05.04.2016 - 05.04.2016
Peru at last! Not because anything before this has been arduous or dreadful, but because Peru was the first place I planned on travelling to and where I'd built the rest of my trip around. It has felt like a long time coming and I'm very glad to finally be here!
Thankfully when I arrived in Lima, it was nighttime, so I didn't have too much to worry about with the temperature difference from Ushuaia. What did concern me was the driver that was supposed to pick me up wasn't there. But, like Venezuela, I didn't panic. I just chilled out with this Aussie fellow who was about 20 hours late arriving in Peru due to a flight cancellation. It should go without saying (though I'm going to) that his ride wasn't waiting for him. So, after we figured out our hostels were roughly in the same area, we hitched a ride and made our own way to Miraflores.
Miraflores is a great little district of Lima. Without having explored much of Lima (yet - I'm told our tour is coming back this way!) I can tell you that Miraflores is a great place. Sadly I did not get enough time here, but the 5km walk along the coastline was fantastic. They're built great communal gardens where you can play tennis, ride bikes, skate, exercise, walk and train dogs, sit and read, enjoy a coffee, surf, or even go windsurfing! It's colourful and it's very fun. They also have quite a sizeable shopping mall on the cliff face that overlooks the Pacific Ocean - plenty of designer products and places to eat.
I'd happily have stayed longer but now I had to fly off to Cusco to meet the (unfortunate) people who would be (stuck) with me for the next 8 weeks. Sorry that I didn't even realise I was on the plane with Georgie - my bad!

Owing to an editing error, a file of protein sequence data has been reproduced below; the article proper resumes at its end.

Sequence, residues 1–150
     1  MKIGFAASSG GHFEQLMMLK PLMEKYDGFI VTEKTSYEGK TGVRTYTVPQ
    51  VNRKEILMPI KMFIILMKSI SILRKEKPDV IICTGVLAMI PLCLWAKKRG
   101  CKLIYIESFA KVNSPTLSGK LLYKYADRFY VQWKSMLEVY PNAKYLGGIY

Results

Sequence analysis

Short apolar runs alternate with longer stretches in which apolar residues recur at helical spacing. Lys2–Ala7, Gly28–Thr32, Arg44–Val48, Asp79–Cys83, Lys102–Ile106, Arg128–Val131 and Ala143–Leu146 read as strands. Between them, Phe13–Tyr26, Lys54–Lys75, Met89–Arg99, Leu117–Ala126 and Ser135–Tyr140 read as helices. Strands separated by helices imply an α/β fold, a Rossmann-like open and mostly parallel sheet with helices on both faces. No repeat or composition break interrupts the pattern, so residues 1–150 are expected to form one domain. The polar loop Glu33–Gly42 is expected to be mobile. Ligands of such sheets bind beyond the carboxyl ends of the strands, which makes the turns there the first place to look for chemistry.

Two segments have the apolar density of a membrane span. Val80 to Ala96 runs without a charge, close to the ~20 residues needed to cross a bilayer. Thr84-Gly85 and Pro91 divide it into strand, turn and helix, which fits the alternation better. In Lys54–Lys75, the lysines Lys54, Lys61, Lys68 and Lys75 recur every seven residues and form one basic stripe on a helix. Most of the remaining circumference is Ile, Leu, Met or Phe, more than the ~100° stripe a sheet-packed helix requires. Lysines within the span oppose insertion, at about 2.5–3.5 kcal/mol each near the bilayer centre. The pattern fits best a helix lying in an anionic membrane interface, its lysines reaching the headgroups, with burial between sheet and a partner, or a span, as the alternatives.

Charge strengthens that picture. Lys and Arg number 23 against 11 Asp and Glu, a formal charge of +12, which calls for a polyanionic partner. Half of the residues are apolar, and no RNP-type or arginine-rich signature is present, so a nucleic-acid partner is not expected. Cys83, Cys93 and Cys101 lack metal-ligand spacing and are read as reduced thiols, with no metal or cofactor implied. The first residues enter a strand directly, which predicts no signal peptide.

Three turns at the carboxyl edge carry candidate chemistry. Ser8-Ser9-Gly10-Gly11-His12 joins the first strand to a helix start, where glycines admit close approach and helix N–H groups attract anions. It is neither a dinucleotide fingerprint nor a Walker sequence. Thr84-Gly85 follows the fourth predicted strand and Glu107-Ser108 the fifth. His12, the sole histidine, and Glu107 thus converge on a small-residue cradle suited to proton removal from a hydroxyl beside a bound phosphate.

The usual meet and great unused and I think it's fair to say we all got on really well from the outset, even if I'm a granddad in comparison to their age group! Almost immediately after getting to the hostel we started playing cards and it turned out a great way to get to know everyone. Mafia. That's the game we played; I'd never played it before but I think it's fair to say that now I am obsessed! I could go into the details of my excitement regarding this game but it would take to long. Suffice to say, Aaron is always neutral; Tom is always suspicious; I can read Eleanor, Katie, and Georgie like a book; Sarah has crazy deductive abilties; and Sam nor Alex are ever the killers.
Cusco is a wonderful city. Seems like I feel that what about every place I visit but I guess it's hard not to be impressed when there's a lot going on. The city itself is at a higher altitude than Machu Piccu and, being a city built on a mountain, has very steep steps and climbs - it takes you a couple of days to get used to the extra effort required. What you would climb at a lower altitude without breaking a sweat (well, for most people...) will leave you gasping for breath here.